Two complementary songs form the center of the album. The provocatively titled "I'm Not on Drugs" is neither pro- nor anti-drug, but rather "about the altered state of chronic frustration," says Doyle. "During my second and third semesters of college, I was essentially a contemporary embodiment of the narrator of Green Day's 'Longview,' but with digital music instead of TV and root beer instead of weed. So I wrote this really personal, introspective mini-epic to say, 'Hey, I can screw up my life on my own. I'm not into mind-altering substances, but I've become such a slacker, I might as well be.'"

Where "Drugs" is jagged, rambling, and angsty, "Nowhere, CA," its musical and autobiographical postscript, is smooth, efficient, and self-assured. "It's your classic 'I'm getting out of this town before it kills me' song," says Doyle. "The lyrics don't mention California, but I gave it that title because so many people who have never been to California romanticize it as some kind of carefree, neverending beach party, when in reality it has as many soul-deadening bump-on-a-log towns as any other state."

Then there's "Stung by a Bee," a demented folk ditty that combines Jack Johnsonesque strum-thwack guitar with dashes of banjo, egg shaker, and subtle gallows humor. "It's about a guy who's too timid and stoic to really stand up for himself," says Doyle. "Any similarity to me is purely coincidental and unintentional."

In between stretches of recording and mixing, Lauterborn discovered Morgan Neiman, a local indie-pop artist who records under the name Ducky. Impressed by her precocious songwriting and vocal skills, he invited her to complete a long-abandoned Free Soda instrumental. The result was "Dear Boy," in which Ducky sings of a tremulous relationship over a rich soundscape of synth strings and jangly guitars. "Ducky brought amazing energy and enthusiasm to the project," says Lauterborn. "And boy, can she ever belt it out."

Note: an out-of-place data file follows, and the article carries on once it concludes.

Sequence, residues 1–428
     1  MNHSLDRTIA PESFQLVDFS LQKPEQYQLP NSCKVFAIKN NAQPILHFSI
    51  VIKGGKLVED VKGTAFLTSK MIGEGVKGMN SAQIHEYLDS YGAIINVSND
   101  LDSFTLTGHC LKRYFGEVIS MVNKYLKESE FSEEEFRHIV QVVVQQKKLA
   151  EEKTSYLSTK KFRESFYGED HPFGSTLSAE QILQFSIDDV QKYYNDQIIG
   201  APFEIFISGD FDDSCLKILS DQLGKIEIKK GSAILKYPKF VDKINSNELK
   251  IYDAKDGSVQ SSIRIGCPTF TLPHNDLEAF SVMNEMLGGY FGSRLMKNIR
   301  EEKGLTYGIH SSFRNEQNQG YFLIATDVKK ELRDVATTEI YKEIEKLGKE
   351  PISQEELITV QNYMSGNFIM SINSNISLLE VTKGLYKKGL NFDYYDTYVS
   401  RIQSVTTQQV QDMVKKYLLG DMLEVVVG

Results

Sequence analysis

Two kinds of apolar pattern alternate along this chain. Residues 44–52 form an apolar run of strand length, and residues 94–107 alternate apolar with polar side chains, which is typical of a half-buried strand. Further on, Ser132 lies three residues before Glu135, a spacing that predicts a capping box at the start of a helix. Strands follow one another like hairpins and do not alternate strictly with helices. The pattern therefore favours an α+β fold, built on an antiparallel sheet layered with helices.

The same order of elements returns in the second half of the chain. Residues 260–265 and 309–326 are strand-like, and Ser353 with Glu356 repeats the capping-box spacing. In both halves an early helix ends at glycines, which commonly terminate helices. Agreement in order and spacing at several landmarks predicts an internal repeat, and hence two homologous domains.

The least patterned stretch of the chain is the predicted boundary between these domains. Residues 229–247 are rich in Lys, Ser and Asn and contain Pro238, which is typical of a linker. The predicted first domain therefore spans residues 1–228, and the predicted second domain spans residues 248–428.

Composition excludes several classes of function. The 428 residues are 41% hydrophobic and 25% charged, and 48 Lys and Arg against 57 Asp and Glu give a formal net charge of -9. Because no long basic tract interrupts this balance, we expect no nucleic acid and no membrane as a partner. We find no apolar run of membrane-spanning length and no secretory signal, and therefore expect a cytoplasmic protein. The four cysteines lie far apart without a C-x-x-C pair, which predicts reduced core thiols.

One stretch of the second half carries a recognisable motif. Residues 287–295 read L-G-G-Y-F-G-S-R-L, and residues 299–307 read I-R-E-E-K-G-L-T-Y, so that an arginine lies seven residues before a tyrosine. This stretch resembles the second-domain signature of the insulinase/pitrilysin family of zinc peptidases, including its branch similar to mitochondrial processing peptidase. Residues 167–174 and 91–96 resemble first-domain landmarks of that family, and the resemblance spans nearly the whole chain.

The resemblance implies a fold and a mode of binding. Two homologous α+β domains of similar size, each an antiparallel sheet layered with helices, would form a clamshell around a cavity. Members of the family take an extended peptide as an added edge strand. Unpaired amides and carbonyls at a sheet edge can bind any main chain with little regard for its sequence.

"Eleanor Please," an ominous piano ballad about a detrimental imbalance of power, also benefited from a guest appearance: that of Jack Piskorski, who joined the duo on lead guitar for their inaugural live performance and was subsequently invited to shred all over the song's protracted coda. "For someone who's so modest about his abilities, Jack has a great instinct for how to make a song five times better," says Lauterborn. "His contribution to 'Eleanor' was no exception."

The inclusion of a relentlessly snotty number called "Your New Album Sucks" at the end of Free Soda's debut album begs the question: How can a couple of guys stringing songs together in a bedroom studio afford to be so preemptively cocky? But Doyle insists that the message isn't as straightforward as the title might lead listeners to assume: "In the bridge, I sing: 'I don't want you to grow or reinvent or explore / You're out of print, so take the hint / And just do what you did before.' Many devotees of popular music develop that sense of entitlement to immediate gratification. The song argues both sides of the issue, one explicitly, one implicitly. That said, it's a lot of fun to play, and hopefully a lot of fun to hear."